Those within the Hands Off Syria groups who have refused to condemn the association with fascists of some of their leaders should not avoid addressing the issue by comforting themselves with the notion that this is not a big deal as “Syria is winning the war” and, thus, the role of the movement is no longer important. For one, although Syrian government forces backed by their Russian, Iranian and Hezbollah allies are scoring victories against ISIS and the “Rebels”, U.S. and Australian imperialism and their SDF allies are also gaining strength. Although both these different forces are currently arrayed mainly against ISIS they have also been clashing with each other to some extent. In the likely scenario that ISIS is for the moment defeated, you will have the imperialists and their SDF proxies in control of a large portion of Syrian territory. The history of imperialism teaches us that they will not simply relinquish this without at minimum demanding significant concessions. Such concessions could include forcing changes to some of the leading personnel of the Syrian government or arm-twisting it to make specific policy changes that would allow easier penetration of Western capitalist economic interests and better alignment with Washington and Canberra’s geopolitical goals. And while it may not be likely right now given the depth of current tensions between U.S. imperialism and Russia’s ambitious capitalist rulers, it is not impossible that the U.S./Australian imperialists and Russia could cut a deal at the expense of Syria’s independence. Another scenario that is possible, although currently unlikely given that the imperialists are currently focussed on a bigger goal – strangling the DPRK workers state and through that advancing its number one strategic goal of destroying socialistic rule in China – is a future all out conflict between, on the one hand, a Western-backed SDF-“Rebel” alliance and, on the other hand, the Syrian government and its allies. Any one of these possibilities may not take place immediately but may take years to emerge. However, as with their violent toppling of governments in Iraq and Libya that had failed to sufficiently accept their diktats, the imperialists are capable of playing a long game when pursuing their interests.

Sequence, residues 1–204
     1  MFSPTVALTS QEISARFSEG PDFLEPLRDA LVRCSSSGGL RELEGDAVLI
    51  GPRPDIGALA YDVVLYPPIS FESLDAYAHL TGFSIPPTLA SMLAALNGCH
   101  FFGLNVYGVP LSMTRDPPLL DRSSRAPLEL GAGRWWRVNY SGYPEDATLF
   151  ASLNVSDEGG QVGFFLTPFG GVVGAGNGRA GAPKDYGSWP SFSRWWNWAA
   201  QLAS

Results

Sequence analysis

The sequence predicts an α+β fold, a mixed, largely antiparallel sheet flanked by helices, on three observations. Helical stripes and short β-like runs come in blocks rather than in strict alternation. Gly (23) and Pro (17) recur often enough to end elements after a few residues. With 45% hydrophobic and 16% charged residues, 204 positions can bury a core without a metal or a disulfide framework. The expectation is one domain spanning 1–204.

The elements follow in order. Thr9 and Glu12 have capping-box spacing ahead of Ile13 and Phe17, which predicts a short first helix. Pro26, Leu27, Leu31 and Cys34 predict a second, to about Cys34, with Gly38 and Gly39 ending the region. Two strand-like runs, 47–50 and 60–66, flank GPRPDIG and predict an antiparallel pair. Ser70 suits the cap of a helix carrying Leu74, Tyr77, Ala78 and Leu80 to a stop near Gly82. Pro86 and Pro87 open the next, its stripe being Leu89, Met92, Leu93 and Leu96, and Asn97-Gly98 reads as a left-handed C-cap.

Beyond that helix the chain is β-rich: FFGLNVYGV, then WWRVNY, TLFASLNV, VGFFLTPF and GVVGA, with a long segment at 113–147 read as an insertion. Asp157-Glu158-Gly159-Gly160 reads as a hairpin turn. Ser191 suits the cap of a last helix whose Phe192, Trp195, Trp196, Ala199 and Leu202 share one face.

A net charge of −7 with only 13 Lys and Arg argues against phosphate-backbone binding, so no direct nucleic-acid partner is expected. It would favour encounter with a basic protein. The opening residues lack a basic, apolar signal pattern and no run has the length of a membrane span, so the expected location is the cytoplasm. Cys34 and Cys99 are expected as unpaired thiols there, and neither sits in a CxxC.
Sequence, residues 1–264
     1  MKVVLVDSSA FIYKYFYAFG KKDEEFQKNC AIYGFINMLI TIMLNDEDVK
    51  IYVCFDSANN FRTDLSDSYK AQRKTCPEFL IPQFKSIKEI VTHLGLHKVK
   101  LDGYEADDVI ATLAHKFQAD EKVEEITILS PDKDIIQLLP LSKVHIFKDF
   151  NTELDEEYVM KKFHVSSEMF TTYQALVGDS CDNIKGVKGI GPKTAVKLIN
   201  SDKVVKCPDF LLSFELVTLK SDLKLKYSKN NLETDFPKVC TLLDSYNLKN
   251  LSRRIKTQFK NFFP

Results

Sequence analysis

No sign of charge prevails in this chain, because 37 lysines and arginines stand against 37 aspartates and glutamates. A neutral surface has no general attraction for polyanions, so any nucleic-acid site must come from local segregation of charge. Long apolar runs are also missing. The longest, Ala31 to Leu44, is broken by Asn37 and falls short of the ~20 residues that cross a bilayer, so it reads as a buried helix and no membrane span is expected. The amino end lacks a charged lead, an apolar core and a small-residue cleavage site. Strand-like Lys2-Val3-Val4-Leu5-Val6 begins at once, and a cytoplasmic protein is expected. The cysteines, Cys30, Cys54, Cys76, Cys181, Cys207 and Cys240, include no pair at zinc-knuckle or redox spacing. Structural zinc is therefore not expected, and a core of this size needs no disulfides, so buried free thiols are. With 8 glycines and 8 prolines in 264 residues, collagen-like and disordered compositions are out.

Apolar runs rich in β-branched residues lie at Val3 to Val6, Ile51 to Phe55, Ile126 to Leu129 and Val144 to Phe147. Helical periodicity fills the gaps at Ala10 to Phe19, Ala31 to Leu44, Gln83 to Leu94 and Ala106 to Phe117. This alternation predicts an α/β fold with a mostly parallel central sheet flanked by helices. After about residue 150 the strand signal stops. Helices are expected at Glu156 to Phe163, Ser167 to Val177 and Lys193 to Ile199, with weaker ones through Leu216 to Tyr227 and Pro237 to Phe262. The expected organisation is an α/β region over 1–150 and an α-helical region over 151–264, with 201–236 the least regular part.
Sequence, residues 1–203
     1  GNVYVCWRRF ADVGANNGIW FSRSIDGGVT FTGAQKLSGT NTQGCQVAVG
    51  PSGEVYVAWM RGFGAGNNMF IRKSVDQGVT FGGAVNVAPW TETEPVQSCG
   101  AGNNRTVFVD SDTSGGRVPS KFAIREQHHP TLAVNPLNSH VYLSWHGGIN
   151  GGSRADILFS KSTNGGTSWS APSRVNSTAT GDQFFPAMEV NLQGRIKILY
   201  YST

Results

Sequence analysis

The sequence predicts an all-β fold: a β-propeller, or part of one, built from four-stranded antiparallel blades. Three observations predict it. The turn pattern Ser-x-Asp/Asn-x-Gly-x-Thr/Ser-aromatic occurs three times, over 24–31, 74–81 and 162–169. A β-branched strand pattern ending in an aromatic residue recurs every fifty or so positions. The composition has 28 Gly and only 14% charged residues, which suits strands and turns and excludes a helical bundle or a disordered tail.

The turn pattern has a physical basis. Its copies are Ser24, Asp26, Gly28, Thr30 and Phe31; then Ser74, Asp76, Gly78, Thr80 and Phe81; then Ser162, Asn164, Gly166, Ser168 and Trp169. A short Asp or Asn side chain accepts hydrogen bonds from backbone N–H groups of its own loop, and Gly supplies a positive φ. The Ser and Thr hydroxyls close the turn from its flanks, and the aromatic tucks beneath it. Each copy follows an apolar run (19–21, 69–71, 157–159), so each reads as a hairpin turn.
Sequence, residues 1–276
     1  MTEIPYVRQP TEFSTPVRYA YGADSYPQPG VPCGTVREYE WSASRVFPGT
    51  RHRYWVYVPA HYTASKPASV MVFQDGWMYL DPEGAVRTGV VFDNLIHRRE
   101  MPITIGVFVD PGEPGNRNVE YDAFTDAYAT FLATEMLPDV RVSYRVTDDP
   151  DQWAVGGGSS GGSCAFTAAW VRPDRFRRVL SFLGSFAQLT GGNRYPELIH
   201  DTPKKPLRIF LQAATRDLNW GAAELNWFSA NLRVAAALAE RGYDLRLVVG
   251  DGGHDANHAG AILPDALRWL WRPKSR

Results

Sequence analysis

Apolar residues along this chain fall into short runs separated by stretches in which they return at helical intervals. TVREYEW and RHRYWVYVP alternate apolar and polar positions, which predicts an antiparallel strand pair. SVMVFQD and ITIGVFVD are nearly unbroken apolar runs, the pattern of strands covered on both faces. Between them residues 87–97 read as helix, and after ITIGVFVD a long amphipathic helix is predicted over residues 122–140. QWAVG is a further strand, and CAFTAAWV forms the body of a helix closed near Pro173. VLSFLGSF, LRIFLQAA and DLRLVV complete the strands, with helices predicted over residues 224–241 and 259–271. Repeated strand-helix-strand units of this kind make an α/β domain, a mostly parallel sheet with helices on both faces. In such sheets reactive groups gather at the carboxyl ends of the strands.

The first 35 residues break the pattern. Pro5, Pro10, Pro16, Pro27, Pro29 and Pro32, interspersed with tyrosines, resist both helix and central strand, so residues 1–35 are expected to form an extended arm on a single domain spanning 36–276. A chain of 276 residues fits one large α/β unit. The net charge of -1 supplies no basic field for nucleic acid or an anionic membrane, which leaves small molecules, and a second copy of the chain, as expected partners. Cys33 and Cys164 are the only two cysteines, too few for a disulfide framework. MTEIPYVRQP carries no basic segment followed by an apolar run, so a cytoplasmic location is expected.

So there definitely is still a need for a movement that opposes the U.S. and Australian regime’s direct and indirect military and diplomatic intervention in Syria. However, for the Hands Off Syria movements to perform any sort of useful role in this, they would need a massive shake up. At the very minimum, there needs to be a very clear distancing from the actions of some of its leaders in joining fascist events and from the apologies for these outrages – or the ostrich-like refusal to respond to them – by many other prominent activists in the movement. The groups need to issue public statements condemning the participation in fascist-led activities by some of their leaders and strongly repudiating their previous refusal to have made such condemnations. Then anyone who refuses to support such a correction should be summarily expelled from the groups. For such a major re-orientation to occur, someone or some people in the groups are going to have to muster the political courage to fight for such a course which would, inevitably, involve a big split.
However, given the degree to which many prominent Hands Off Syria activists have defended or ignored Anderson’s participation in fascist events – with some even apologising for raving, racist, social media contributor Paul Antonopoulos – it is doubtful whether the movement is capable of even the most elementary self-correction. We won’t be holding our breath. We look forward to participating in actions which oppose imperialist meddling in Syria that are initiated by some of the people we know who both defend Syria against imperialist-imposed regime change and have gone on record opposing the sharing of platforms with fascists and/or previous apologising for Trump of some Hands Off Syria activists; or to join with such staunchly anti-fascist, anti-imperialists in building united front actions against imperialism and its proxies in Syria.
WHERE DID ALL THESE POLITICALLY DEVIANT DEEDS COME FROM?